Volume 74, no. 2 February 2018
Growing physician opposition to their Maintenance of Certification (MOC®) cash cow is apparently causing consternation at the American Board of Medical Specialties (ABMS) and its component boards. They need to persuade legislators that MOC® is actually improving the quality of care—and not just contributing to physician burnout, decreasing access, and increasing cost.
The latest evidence is trumpeted in a bold headline by the American Board of Internal Medicine (ABIM): “Women are more likely to get breast cancer screenings they need when they see internists who maintain board certification” (tinyurl.com/ybdufcqc). The authors, three employees of ABIM, write: “The results of this study also suggest that recent calls by state legislatures to restrict the use of MOC by hospitals in conferring privileges, and payers, in terms of reimbursement policies, might have the unintended consequence of impacting women’s health negatively by reducing participation in MOC” (tinyurl.com/yafvtllo).
The study compares billing claims data from fee-for-service beneficiaries who consulted internists certified in 1989, just before certificates were time-limited, with those from patients of internists certified in 1991. At baseline (1999-2000), annual screening mammography was done in 53.5% of women attributed to grandfathered physicians, and 53.2% of those attributed to MOC-limited physicians. In the period 2002-2004, the percentages were, respectively, 56.3% and 57.3%. The regression-adjusted percentage difference was 2.8% (p = .001!!).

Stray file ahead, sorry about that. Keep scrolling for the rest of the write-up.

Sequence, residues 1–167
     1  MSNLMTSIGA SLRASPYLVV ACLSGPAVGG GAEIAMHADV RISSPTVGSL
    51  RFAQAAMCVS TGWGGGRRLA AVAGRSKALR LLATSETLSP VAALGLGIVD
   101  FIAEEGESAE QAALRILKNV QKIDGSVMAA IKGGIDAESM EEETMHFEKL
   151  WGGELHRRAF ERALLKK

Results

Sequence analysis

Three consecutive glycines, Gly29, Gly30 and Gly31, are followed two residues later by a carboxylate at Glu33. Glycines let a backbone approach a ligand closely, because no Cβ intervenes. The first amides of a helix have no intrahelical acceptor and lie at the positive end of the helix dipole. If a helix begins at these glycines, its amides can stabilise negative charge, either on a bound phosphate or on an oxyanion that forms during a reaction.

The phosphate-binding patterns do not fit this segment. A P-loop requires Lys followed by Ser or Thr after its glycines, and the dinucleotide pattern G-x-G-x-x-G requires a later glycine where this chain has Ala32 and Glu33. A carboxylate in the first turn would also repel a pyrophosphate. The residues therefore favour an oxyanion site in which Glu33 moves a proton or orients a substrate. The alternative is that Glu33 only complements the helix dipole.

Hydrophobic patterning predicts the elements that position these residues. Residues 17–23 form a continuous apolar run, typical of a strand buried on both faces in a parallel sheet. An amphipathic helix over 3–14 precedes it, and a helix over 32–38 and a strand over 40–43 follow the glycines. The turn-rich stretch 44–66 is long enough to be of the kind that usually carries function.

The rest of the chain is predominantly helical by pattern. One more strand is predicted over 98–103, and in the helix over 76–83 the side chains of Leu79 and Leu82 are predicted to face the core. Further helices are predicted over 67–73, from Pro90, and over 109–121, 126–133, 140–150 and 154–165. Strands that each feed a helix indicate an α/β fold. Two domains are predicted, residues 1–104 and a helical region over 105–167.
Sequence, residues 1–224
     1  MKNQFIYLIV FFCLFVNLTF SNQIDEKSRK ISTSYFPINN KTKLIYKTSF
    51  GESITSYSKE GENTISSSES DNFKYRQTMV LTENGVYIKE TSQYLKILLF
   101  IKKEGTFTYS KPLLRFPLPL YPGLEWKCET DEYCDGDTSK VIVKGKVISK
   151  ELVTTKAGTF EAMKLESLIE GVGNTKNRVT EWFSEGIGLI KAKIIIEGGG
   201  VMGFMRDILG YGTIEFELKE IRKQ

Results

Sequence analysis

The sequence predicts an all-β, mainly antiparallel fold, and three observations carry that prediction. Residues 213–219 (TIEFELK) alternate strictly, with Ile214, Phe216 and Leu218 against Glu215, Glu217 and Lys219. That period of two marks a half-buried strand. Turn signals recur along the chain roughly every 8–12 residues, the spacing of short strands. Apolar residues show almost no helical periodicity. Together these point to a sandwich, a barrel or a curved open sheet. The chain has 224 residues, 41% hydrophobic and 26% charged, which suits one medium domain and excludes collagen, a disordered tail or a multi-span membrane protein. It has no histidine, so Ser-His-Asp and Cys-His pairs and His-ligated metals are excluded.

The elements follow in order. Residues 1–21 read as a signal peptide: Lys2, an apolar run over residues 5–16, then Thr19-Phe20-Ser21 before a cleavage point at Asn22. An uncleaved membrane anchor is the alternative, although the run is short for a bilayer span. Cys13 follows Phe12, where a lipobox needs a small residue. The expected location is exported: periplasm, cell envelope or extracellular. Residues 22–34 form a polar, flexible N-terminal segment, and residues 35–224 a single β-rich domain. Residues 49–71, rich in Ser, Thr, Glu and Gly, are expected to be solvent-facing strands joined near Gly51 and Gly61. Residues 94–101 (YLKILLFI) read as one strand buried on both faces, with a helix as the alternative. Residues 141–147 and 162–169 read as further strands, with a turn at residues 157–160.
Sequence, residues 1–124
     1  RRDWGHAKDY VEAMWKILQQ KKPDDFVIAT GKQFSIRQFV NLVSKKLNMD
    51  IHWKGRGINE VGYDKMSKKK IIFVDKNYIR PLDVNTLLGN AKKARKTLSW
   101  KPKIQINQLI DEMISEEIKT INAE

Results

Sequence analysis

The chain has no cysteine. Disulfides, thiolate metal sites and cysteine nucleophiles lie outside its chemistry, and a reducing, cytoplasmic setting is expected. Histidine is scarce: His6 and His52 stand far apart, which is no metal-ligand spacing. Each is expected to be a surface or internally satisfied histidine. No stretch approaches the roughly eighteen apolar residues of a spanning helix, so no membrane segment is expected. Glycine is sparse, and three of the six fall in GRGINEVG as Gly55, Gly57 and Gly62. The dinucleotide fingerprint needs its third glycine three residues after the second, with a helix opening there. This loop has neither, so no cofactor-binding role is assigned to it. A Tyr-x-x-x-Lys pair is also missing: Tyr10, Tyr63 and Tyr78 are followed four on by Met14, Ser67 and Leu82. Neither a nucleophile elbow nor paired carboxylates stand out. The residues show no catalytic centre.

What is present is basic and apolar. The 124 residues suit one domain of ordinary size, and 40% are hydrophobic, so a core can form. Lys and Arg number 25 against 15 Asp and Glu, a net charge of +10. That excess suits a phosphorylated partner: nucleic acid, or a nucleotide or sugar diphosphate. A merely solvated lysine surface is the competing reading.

In all the data-dredging details, the authors failed to disclose how many comparisons were made (as of time periods or quality measures)—a critical factor in determining statistical significance. If enough comparisons are made, at least one of them is highly likely, by chance, to reach the desired p value.
“Inappropriate fiddling” with p values is rampant, writes Barbara Duck (https://tinyurl.com/hewjumf), who links to a video by Charles Seife, author of Proofiness: the Dark Art of Mathematical Deception (discussion of statistical significance and the multiple comparisons fallacy starts at 29 min).